This flagship branch of the Royal China chain might have doubled in size thanks to a four-month renovation in the summer of 2018 but compared to its huge siblings, it still feels intimate; instead of one large dining room, the restaurant is split into two, while five new private dining rooms benefit from natural light. The new look is slick without being intimidatingly stylish: gold leaf on the ceiling, red lacquer on the wall and enough black leather seating to make the restaurant smell like a luxury stand at the Beijing Motor Show.
While rivals in this price bracket might concentrate on innovating regional Chinese cuisine, Royal China Club’s approach is to stick to the classics, but using premium ingredients: fresh abalone tossed with caviar, pan-fried scallop with foie gras, or a grilled Wagyu fillet in teriyaki sauce.
If the size of the bill isn’t a concern, you will eat very well here, although more budget-minded diners may not feel that the high prices are worth paying for dishes that are not dissimilar to the Baker Street Royal China a few doors down: £22.80 for a basket of eight seafood dim sum struck us as very steep, no matter how well made the contents.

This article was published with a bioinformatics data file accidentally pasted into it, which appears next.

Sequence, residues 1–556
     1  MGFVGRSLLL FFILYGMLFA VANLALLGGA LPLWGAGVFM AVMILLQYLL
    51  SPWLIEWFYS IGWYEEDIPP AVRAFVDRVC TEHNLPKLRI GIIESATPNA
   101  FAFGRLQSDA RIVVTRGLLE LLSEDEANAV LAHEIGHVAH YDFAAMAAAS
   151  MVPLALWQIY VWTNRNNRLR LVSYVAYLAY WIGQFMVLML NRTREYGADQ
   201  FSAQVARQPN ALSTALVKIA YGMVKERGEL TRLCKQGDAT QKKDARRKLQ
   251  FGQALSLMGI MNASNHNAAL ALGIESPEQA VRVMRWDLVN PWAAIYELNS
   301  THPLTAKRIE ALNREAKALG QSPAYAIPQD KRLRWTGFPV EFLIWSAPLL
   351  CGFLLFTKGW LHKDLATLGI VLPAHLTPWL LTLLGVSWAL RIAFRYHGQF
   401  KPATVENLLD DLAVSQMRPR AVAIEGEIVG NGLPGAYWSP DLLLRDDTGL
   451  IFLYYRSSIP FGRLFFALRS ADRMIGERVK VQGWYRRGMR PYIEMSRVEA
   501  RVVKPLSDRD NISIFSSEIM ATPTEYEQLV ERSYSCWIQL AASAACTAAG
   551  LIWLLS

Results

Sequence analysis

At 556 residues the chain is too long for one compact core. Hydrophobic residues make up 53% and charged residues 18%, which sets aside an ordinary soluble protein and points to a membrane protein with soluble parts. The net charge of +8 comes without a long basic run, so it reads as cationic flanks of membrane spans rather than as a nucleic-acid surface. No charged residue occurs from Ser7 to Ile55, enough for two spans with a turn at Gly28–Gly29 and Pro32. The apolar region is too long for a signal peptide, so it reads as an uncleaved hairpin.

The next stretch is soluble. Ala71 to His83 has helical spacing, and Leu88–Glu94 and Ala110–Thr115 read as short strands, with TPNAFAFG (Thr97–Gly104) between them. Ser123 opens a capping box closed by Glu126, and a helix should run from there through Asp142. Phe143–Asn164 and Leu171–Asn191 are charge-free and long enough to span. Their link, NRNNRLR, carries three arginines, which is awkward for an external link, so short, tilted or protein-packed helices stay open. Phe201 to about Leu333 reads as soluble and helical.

Elsewhere, soft-shell crab with salt and peppercorn was well timed and well spiced, Szechuan king prawns had noticeably fresh seafood in a well-balanced sauce (though purists may wish for more chilli heat); while roasted crispy Iberian pork belly was a faultless version of a classic dish.
Staff are delightful, and even early in the week, there is a loyal market of regulars happy to pay Royal China Club’s prices for a comfortingly reassuring dining experience. If price is a concern, daytime dim sum offers a relatively more affordable way in.